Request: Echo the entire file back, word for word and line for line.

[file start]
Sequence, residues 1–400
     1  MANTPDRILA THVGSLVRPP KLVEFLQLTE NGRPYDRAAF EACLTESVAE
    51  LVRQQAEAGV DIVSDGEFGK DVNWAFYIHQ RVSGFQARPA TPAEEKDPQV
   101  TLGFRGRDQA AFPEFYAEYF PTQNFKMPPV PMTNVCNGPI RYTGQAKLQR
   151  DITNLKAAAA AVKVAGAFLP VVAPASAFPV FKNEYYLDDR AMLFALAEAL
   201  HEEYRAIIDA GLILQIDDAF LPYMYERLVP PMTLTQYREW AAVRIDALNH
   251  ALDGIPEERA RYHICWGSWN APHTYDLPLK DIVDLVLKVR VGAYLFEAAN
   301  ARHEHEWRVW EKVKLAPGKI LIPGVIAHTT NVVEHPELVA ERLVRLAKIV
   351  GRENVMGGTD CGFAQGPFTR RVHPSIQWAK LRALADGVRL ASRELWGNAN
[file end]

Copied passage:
Sequence, residues 1–400
     1  MANTPDRILA THVGSLVRPP KLVEFLQLTE NGRPYDRAAF EACLTESVAE
    51  LVRQQAEAGV DIVSDGEFGK DVNWAFYIHQ RVSGFQARPA TPAEEKDPQV
   101  TLGFRGRDQA AFPEFYAEYF PTQNFKMPPV PMTNVCNGPI RYTGQAKLQR
   151  DITNLKAAAA AVKVAGAFLP VVAPASAFPV FKNEYYLDDR AMLFALAEAL
   201  HEEYRAIIDA GLILQIDDAF LPYMYERLVP PMTLTQYREW AAVRIDALNH
   251  ALDGIPEERA RYHICWGSWN APHTYDLPLK DIVDLVLKVR VGAYLFEAAN
   301  ARHEHEWRVW EKVKLAPGKI LIPGVIAHTT NVVEHPELVA ERLVRLAKIV
   351  GRENVMGGTD CGFAQGPFTR RVHPSIQWAK LRALADGVRL ASRELWGNAN